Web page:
“a significant increase in expert sentiment, largely motivated by private sales, robust middle market sales and rational auction bidders”
After reporting a cooling trend a month ago, the Hagerty Market Rating is up nearly a point, “a significant increase in expert sentiment, largely motivated by private sales, robust middle market sales and rational auction bidders,” the company reported in its news release. Hagerty said contributors to the jump — from 70.90 in March to 71.81 in April — include:
- Private sales were extremely robust. Average sale price was up 13 percent year-over-year,
- Of the private sales tracked by Hagerty, 36 percent were in amounts in excess of the vehicle’s insured value,
- At Amelia Island, auction sales dollar volume were up 30 percent year over year, motivated by robust middle market sales and Bonham’s entry into the Amelia Island auctions for the first time in 2015,
- Of middle market sales, Ferrari 512 BBs were especially strong. With one selling for more than twice its top estimate of $150,000 at the Bonhams auction and another going for almost $50,000 over its top auction price of $375,000 at RM.
However, the company noted, “Amelia Island sales at the very top of the market told a different story, with some lots selling for less than their low estimates, indicating that buyers recognize that growth has slowed in the current market and are bidding more rationally. Sellers proved more likely to accept a bid under reserve, signifying they too recognize growth has slowed as well.”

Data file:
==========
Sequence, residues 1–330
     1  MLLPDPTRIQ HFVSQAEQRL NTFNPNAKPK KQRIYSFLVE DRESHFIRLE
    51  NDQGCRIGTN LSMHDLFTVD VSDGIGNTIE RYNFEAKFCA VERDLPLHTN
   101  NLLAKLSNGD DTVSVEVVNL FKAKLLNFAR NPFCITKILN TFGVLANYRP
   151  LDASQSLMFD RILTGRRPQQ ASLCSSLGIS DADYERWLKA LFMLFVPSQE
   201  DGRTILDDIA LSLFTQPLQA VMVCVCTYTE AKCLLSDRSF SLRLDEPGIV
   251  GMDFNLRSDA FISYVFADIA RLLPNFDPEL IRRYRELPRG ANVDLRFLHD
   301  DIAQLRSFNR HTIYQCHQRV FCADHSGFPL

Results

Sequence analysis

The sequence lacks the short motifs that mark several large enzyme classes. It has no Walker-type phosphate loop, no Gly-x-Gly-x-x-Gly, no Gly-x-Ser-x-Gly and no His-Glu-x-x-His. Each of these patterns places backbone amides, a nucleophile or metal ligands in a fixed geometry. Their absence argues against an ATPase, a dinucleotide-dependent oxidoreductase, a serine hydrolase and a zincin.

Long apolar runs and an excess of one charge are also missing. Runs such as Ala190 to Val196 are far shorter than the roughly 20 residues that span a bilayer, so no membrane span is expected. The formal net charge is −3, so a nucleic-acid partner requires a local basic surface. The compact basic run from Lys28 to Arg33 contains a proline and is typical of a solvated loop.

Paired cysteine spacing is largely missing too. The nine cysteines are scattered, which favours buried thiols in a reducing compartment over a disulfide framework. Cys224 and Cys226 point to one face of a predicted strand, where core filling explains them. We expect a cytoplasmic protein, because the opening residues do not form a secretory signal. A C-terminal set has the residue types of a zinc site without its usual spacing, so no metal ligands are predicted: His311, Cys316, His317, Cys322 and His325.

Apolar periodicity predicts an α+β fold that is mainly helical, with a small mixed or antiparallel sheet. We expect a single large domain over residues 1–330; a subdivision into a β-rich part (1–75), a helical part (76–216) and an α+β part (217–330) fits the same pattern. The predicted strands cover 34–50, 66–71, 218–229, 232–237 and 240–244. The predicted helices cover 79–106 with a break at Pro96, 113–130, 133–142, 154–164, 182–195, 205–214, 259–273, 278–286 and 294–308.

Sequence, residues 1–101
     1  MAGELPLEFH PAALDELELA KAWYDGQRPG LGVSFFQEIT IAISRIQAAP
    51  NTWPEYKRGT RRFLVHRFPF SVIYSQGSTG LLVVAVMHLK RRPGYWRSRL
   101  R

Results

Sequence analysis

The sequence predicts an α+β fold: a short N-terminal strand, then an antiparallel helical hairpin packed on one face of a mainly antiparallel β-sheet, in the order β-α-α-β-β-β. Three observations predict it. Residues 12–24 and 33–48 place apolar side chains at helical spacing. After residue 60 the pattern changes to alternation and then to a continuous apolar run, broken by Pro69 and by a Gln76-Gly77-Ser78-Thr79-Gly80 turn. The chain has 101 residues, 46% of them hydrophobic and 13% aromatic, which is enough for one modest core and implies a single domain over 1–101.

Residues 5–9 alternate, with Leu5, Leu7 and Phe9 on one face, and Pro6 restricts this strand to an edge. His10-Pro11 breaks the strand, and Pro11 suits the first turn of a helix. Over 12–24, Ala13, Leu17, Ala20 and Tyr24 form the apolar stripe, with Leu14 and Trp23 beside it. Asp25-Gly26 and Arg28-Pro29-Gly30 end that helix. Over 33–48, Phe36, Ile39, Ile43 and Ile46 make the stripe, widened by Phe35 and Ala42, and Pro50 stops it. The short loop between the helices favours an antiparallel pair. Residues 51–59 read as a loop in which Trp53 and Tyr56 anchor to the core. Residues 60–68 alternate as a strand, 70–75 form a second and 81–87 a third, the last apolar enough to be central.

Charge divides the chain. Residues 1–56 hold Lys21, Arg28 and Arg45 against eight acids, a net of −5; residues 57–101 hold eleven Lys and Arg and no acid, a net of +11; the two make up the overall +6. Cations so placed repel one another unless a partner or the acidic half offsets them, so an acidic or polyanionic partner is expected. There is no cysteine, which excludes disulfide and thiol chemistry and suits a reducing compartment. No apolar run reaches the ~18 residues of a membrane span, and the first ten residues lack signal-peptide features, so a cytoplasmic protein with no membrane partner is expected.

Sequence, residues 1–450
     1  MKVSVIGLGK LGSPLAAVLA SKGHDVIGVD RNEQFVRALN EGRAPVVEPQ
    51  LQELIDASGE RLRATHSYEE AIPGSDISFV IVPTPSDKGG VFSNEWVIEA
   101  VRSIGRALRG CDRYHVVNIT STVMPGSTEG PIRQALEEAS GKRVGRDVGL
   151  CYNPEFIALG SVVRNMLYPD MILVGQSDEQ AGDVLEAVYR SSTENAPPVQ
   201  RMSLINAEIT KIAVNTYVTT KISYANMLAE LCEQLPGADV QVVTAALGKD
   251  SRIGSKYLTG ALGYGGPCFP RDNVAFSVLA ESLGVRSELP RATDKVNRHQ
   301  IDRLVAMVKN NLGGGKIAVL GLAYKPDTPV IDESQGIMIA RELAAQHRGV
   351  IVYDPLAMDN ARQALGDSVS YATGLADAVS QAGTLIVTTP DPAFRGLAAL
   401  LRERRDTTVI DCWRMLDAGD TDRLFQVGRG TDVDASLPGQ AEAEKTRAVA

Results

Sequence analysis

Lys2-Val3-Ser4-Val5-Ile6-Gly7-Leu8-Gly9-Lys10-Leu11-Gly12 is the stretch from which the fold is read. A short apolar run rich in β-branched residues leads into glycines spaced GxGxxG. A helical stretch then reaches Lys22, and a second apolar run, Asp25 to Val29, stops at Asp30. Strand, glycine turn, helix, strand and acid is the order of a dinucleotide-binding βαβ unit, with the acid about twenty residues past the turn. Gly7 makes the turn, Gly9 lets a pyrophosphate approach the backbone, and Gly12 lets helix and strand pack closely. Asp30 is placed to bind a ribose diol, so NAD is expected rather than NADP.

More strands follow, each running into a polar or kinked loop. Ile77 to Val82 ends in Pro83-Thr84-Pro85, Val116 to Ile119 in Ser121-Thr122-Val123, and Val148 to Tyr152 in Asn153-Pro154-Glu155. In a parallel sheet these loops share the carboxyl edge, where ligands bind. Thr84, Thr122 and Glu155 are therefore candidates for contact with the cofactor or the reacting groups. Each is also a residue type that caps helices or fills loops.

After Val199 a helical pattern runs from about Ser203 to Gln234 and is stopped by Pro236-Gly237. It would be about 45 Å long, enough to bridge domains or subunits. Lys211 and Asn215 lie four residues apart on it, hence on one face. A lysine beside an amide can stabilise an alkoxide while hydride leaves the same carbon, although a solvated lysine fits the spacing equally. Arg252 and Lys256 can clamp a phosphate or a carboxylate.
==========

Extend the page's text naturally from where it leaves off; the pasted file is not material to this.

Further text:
The 71.81 figure is the highest for the index and the highest in the five-year span that Hagerty used in developing the monthly market rating. The lowest figure was 49.68 for May 2010.
The rating is based on a weighted algorithm that considers 15 proprietary data points in eight categories, including public auction and private sales, values of insured cars, price-guide values, Hagerty’s own index system and input from industry experts. The rating, reported at the middle of each month, is based on a 100-point scale and is presented in the form of a tachometer-style gauge, complete with a “superheated” red zone, a sort of warning that we’re approaching a possible burst of the bubble. Ideally, the market cruises along comfortably in the 60- to 80-point “expanding” zone.